“As far as on the field, he’s very lean, very long [and] covers a lot of ground because of that,” Sanford head coach Bryan Till. “It’s extremely tough to throw over top of him. He’s a very coachable kid. He’s extremely intelligent, so it makes it easy for him to understand schemes [and] understand changes in coverage. There’s so much upside to him, because he is athletic but he’s also extremely intelligent. He’s a good character kid. The other kids listen to him – he’s a leader. He has a lot of qualities that you can’t measure that make him a better player.”
After not playing football until the seventh grade, Stallings became a freshman starter for Sanford at free safety.
“I wasn’t really thinking about even playing on varsity, because usually I just played basketball,” Stallings said. “I tried out for football and I didn’t even think I was going to be that good at it. But a spot opened up.”
During his sophomore season, Stallings added starting receiver duties, though his focus was safety. He ended that season with 58 tackles, five interceptions, and 12 pass break-ups, and was named second team All-Cape Fear Valley Conference.
“He plays centerfield for us fairly well, but we’ll even put him in some matchups with some tall receivers – goal line situations and things like that – because he can high-point the ball,” Till said. “He does fill the alley for us very well. He’s not a huge hitter, but he’s not scared to hit. He’s an extremely good tackler – he doesn’t miss tackles.”
Three schools have offered Stallings – Clemson, North Carolina, and NC State. He’s also hearing from Michigan, Nebraska, Ohio State, and Penn State.
The UNC offer – combined with assistant Vic Koenning’s persistence – prompted Stallings to visit Chapel Hill a couple of weeks ago.
“They wanted him to get around their kids and make sure he fits in with their kids,” Till said. “I felt like he would fit in, because if you look at his transcript he’s an extremely well-rounded young man. He does well in the classroom and I feel like he’s the type of kid they’re looking for from the standpoint of academically and athletically.”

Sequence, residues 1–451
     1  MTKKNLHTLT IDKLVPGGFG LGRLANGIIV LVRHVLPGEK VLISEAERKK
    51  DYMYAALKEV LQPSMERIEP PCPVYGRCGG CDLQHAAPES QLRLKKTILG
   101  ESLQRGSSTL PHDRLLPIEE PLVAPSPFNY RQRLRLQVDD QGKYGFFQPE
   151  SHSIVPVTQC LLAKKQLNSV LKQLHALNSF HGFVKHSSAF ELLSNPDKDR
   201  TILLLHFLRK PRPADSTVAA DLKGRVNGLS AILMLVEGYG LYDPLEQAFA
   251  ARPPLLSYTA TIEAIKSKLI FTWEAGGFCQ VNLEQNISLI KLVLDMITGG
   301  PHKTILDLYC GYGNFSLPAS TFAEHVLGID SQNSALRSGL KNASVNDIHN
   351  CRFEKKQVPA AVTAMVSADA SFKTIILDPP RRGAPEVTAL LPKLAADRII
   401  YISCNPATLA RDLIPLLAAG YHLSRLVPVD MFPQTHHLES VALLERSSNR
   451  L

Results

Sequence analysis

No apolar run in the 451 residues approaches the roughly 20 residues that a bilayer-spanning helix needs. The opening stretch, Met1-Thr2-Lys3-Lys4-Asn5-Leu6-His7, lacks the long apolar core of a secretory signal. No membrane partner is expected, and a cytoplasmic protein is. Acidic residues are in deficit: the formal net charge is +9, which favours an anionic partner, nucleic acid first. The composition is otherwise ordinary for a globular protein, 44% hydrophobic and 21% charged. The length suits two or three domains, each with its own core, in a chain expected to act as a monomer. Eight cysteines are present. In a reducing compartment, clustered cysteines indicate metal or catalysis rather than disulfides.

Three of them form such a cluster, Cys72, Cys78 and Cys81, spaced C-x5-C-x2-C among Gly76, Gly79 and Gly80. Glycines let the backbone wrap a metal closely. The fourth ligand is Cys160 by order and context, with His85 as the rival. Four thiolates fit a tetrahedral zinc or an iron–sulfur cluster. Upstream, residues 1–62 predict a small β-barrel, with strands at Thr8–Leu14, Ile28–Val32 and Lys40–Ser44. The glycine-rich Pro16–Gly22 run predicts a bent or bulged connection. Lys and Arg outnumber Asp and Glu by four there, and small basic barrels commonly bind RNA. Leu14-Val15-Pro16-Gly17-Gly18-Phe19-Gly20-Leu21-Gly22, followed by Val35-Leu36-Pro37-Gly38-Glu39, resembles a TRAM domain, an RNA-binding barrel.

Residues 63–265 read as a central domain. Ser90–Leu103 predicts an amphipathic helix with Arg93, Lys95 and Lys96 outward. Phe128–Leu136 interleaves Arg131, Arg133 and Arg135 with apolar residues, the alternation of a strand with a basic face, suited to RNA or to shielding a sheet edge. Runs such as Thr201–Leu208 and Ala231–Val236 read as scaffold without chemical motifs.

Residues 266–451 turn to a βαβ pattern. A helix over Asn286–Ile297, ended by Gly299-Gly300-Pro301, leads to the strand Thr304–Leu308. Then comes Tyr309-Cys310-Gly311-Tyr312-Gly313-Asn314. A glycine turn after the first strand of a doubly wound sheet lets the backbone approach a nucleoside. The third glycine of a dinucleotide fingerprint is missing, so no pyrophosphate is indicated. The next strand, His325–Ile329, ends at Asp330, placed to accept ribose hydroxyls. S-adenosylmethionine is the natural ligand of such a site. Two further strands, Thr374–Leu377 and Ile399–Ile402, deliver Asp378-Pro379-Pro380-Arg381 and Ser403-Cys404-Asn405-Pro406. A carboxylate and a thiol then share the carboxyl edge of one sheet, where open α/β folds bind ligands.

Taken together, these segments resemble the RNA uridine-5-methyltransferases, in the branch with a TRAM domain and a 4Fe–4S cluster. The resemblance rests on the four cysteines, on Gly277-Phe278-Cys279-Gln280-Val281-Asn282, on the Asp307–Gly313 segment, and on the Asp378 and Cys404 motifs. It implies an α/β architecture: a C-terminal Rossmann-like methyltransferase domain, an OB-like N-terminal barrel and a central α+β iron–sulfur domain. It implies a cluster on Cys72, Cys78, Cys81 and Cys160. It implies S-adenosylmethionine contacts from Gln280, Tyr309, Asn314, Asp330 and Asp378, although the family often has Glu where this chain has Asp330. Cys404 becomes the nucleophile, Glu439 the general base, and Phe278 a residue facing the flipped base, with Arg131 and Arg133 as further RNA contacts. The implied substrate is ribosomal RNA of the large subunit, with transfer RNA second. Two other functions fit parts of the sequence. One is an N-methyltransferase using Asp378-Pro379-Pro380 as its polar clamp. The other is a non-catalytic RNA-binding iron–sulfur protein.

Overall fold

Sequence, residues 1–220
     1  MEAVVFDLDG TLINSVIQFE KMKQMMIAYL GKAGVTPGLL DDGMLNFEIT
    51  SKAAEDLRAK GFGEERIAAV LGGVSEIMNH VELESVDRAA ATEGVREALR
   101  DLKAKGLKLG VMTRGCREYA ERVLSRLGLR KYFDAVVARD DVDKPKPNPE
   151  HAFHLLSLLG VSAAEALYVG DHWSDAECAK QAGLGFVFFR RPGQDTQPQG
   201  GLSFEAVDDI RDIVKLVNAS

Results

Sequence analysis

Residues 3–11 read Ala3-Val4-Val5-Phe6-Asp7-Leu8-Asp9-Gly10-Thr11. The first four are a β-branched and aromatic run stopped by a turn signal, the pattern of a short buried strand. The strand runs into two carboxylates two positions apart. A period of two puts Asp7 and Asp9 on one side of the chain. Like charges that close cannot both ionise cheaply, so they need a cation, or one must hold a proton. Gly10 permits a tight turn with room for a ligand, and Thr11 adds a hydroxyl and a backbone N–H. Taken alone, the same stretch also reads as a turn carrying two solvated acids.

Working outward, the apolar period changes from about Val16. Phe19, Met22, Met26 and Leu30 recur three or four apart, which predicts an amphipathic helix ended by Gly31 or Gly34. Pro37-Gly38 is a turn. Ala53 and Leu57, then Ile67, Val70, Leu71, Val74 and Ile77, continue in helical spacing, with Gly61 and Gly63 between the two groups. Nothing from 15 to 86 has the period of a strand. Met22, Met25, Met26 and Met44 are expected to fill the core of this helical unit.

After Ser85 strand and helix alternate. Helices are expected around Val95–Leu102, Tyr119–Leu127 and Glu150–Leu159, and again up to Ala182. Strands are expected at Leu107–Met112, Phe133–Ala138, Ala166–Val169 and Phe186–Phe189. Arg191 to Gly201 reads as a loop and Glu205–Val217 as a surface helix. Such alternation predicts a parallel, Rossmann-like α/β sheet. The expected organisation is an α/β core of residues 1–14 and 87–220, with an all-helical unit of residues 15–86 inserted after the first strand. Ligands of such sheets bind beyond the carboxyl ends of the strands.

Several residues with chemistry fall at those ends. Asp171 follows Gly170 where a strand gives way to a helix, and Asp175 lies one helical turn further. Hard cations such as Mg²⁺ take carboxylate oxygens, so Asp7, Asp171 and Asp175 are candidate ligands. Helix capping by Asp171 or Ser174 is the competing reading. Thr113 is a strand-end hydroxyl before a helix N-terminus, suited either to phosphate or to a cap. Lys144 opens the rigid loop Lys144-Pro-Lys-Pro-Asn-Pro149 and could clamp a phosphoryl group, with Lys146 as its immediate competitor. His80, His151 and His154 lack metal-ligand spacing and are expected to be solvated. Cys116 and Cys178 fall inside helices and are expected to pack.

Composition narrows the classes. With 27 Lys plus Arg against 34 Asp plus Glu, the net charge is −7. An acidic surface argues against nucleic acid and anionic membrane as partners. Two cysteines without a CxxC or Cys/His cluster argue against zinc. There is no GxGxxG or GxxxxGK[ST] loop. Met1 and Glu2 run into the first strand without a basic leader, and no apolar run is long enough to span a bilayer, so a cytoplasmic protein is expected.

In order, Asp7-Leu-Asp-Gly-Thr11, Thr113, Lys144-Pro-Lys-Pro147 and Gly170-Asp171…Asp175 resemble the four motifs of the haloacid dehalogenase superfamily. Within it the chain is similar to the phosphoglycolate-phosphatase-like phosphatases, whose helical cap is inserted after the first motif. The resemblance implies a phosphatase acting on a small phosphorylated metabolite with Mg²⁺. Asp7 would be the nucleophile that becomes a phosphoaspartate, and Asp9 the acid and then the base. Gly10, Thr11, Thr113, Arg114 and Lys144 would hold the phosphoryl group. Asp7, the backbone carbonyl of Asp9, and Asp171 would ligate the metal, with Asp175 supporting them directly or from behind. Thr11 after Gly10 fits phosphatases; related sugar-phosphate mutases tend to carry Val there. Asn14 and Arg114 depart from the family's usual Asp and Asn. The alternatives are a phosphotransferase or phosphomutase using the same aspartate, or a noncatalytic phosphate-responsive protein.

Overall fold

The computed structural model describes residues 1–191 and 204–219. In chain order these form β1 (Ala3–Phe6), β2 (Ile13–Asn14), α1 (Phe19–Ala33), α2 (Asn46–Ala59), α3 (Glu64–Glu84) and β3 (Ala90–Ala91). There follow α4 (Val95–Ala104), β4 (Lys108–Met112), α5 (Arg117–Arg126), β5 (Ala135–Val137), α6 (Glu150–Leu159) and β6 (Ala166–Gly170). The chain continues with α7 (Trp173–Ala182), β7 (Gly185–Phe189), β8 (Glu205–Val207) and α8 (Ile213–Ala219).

The UNC visit drew positive reviews from Stallings.
“It was really nice,” Stallings said. “Actually, they showed me their football facilities and their stadium is really nice. Everything is really nice. I liked it.”
Stallings’s stay also included a meeting with Larry Fedora. It was the first time Stallings had spoken to the Tar Heels’ head coach.
“I wasn’t really expecting that,” Stallings said. “He just talked to me about how I played here and how they use me here [at Sanford]. I told him, ‘They use me on both sides of the ball, but my primary position is DB.’”
Both Fedora and Koenning, his primary recruiter, have mentioned how UNC’s 4-2-5 defensive scheme utilizes three safeties, but neither has discussed which one of the three Stallings projects at best.
“He hasn’t put on a ton of weight as this point,” Till said. “There’s so much space in his body. Coach wants to see how he develops. Last year he played at 185 pounds. He’s up to close to 200 pounds now, but he plays so much basketball and football with us that he’s moving around so much that it’s tough for him to keep the weight on.”
Stallings has visited each of the three schools that have offered him. He traveled to Clemson for a junior day back in February, NC State in mid-June, and as previously mentioned UNC in late July.
“Clemson I really liked,” Stallings said. “That was my first actual visit and it was really nice.”
That visit has helped Clemson garner a slight lead for Stallings.
“If any school stuck out, it would be Clemson,” Stallings said. “But really, they’re all about the same.
“When I went down there [to Clemson] their coaching staff, they just really seemed open. I talked to all the coaches when I was down there.”
Stallings is looking to return to Death Valley when Clemson hosts NC State on Oct. 4. He’s also eyeing the UNC-NC State game in Chapel Hill on Nov. 29.
Stallings continues to play basketball, his first love. He averaged 16 points per game this past season… Growing up, Stallings said he was a big UNC basketball fan … Stallings’s older sister plays basketball at Montreat College, a Division II school.